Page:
Interested students should consult listings in other departments for courses related to biology. For courses in environmental studies, see listings for earth and environmental sciences, or listings for ecology, evolution, and environmental biology. For courses in human evolution, see listings for anthropology or ecology, evolution, and environmental biology. For courses in the history of evolution, see history and philosophy of science. For a list of courses in computational biology and genomics, see

Advanced Placement

The department grants 3 credits for a score of 5 on the AP Biology exam. Placement is determined by the department. Students with a 5 on the AP are encouraged to take BIOL C2005 and BIOL C2006, but are not required to do so. For details, see and Introductory Courses under Undergraduate Requirements.

Transfer Credit

Transfer credits granted toward the degree are not automatically counted toward the major. The department determines which transfer credits can be counted toward the major. For most majors, at least 4 biology or biochemistry courses and at least 18 credits of the total (biology, biochemistry, math, physics and chemistry) must be taken at Columbia. Barnard courses may not be substituted for the required Columbia courses without advance permission from the adviser. For neuroscience and behavior, one of the five biology course and one of the psychology courses may be transferred. Students who wish a course from outside CU to count toward their major must receive written approval from their adviser or the director of undergraduate studies. Students must supply a syllabus and/or course description to receive approval.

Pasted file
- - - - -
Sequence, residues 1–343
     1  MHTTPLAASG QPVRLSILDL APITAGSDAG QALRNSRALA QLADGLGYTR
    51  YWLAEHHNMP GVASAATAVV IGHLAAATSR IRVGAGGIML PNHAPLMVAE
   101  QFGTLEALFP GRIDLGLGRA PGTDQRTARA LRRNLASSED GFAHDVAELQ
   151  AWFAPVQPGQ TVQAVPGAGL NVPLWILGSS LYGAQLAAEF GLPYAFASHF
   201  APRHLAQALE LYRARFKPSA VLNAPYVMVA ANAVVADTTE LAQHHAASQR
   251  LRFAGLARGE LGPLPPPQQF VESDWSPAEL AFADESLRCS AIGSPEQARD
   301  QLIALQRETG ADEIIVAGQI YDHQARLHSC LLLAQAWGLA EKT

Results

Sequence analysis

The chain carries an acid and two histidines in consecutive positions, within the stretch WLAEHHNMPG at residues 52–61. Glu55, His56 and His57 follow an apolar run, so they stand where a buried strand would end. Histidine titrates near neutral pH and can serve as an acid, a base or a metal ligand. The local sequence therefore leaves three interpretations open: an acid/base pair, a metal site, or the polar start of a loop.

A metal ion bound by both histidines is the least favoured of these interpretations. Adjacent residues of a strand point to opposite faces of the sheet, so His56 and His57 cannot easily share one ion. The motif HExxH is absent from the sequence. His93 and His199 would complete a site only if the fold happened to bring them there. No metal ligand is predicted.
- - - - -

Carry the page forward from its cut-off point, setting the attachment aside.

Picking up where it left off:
Current and prospective biology majors and concentrators whose last names begin with A-H should consult with Prof. Kalderon. Students whose last names begin with I-P should consult with Prof. Heicklen. Students whose last names begin with Q-Z should consult with Prof. Miller. Current and prospective biochemistry majors should consult Prof. Stockwell for biology course advising and Prof. Cornish for chemistry course advising. Current and prospective biophysics majors should consult Prof. Fernandez. Students who cannot contact their adviser should consult Prof. Mowshowitz. For additional information, including office hours, please see

Summer Undergraduate Research Fellowship (SURF) Program

First-year students, sophomores, and juniors are eligible for the department’s paid internship program (SURF). This program is competitive; the department cannot assure every eligible student a place in any given summer.

Students apply to the program early in the spring term. A faculty committee headed by Dr. Alice Heicklen then matches selected students to appropriate labs.
The deadline for SURF applications is at the beginning of the spring semester.

SURF students must submit a report on their work at the end of the summer ses­sion and participate in the following year’s annual Undergraduate Research Sym­posium. Although it does not carry any academic credit, SURF can be used toward the lab requirement for majors and toward graduation with honors. For detailed information on all summer research programs and how to apply visit the SURF website. Current detailed descriptions of the SURF program and the application procedure are available at SURF:, the Amgen Scholarship Program:, and the NYSTEM summer undergraduate research program: Applications to all of these programs are through SURF.

Departmental Honors

Students must apply for departmental honors. Applications are due no later than one day after spring break of their senior year. For details, see the department website at